We have a git project that contains detailed information for setting up our Jool cluster. While Suffield-specific, it does serve as a fully-worked example if you want to see how we did it.

I wanted to call out a few features of our setup as they aren’t part of the standard build. Most of these are independent of each other, so you can try out ones that sound interesting to you.

Separate Management and Data Planes

To make the routing rules as simple as possible, we sequester the NAT64 interfaces from the rest of the system. We use Linux’s network namespaces to accomplish this; using ip netns we can create namespaces that are logically separate from one another and do not share routing information.

Jool explicitly supports running in multiple namespaces, so this helps us cleanly separate traffic. It also allows us to run multiple instances.

Multiple Instances

We’re performing a type of poor-man’s load balancing where we direct traffic to one of two physical boxes based on a simple route preference. However, because we also want failover, both boxes need to be configured to handle all the traffic in the event that the other box goes down. To ensure that traffic is sticky to one host or the other, we logically separate the instances so they are independent of each other and use different pools of v4 addresses.

Jool supports multiple instances (distinct from the namespace support above), and we use that feature to hold multiple jool instances that have different pools of addresses. We then use iptables rules to route specific traffic to a specific instance for processing.

In our case, we’ve divided the internet in half; packets destined to IPs through go to one instance (“lower”) and traffic destined to IPs through go to another (“upper”). Meanwhile, SIIT traffic goes to a special third instance that only handles stateless traffic. Obviously, this type of load balancing isn’t guaranteed to be evenly distributed, but it’s easy to accomplish with static rules and we can always adjust it later if we find hot spots.


Because we’re synchronizing states between gateways, we need a reliable out-of-band network to exchange state data.

We use a special ethernet protocol called High-availability seamless redundancy, or HSR. In short, this protocol is built for “ring” networks, where a redundant path between nodes always exists. Unlike spanning tree, all directions on the ring are active at all times, and the hosts must drop duplicate frames. This speeds recovery time as ports do not need to wait to unblock when there is a failure.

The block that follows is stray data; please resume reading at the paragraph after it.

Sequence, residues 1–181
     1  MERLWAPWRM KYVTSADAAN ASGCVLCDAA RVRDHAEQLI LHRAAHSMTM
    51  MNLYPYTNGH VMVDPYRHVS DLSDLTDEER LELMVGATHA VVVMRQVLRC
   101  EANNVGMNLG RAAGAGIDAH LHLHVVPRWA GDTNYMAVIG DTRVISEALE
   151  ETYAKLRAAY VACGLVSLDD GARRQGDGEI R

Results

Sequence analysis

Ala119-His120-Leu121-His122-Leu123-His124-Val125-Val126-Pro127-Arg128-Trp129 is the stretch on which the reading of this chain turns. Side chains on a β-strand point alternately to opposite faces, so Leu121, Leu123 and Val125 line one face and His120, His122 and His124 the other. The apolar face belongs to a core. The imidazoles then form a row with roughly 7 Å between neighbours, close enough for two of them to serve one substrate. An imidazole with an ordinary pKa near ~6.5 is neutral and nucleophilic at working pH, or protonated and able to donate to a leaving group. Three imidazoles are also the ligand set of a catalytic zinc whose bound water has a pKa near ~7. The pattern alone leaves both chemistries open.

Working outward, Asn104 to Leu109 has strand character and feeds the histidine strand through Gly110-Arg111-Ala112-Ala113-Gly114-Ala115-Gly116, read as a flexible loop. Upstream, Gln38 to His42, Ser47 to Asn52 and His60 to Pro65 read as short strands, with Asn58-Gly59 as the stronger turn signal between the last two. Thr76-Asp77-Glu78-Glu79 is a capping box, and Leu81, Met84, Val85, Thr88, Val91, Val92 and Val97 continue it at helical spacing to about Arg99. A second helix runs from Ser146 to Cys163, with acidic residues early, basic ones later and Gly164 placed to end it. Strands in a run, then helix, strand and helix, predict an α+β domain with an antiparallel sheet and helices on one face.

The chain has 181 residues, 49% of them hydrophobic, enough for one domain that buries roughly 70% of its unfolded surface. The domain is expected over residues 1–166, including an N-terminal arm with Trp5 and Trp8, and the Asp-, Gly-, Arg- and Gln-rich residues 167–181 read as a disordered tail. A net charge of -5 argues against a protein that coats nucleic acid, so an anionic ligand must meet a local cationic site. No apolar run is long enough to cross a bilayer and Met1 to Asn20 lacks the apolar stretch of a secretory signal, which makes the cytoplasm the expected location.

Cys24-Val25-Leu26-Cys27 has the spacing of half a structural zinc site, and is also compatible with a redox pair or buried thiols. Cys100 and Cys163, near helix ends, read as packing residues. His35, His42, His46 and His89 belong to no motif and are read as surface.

Additionally, this makes scaling up a cluster of machines easier. Each node needs two links to a neighbor node. No central switch is needed (eliminating a failure point), and we can build as large of a topology as we need by inserting more nodes into the ring. If you’ve ever stacked network switches this should sound familiar to you as they typically use a ring for their inter-chassis link.

HSR is not in the Debian kernel by default, but is relatively easy to build and load.


We use static routes to forward traffic to the NAT64 gateways. To assist with failover, we use bidirectional forwarding detection, a simple “hello” protocol that helps the router detect failures quickly. On Linux, Free Range Routing (FRR) understands BFD, and we can use systemd dependencies to ensure that BFD stops advertising if jool goes down.


As you can imagine, the features above add a fair amount of complexity to the configuration. Our git project contains scripts and systemd templates to help automate the process of getting everything configured and launched.

We also wrote a quick sa-jool perl script that allows you to run regular jool commands against all the instances so you don’t have to type everything multiple times. It also has some quick health checks so you don’t have to memorize the entire architecture to see if it’s running correctly.

Final Thoughts

I’ve been testing the NAT64 setup for several months now. I’ve manually set my laptop to use a DNS64 server, and completely disabled IPv4 on my machine. From the NAT64 perspective, things have been going very well and the boxes have performed nicely.

The testing process has had some bumps (as I quickly discovered which hosts on my local network were v4-only), but that’s certainly not NAT64’s fault.

More recently I found out that macos automatically enables IPv4 CLAT functionality when NAT64 is detected, allowing a machine that only has IPv6 connectivity to still connect to IPv4 literal addresses. So far, things are looking promising to deprecate IPv4!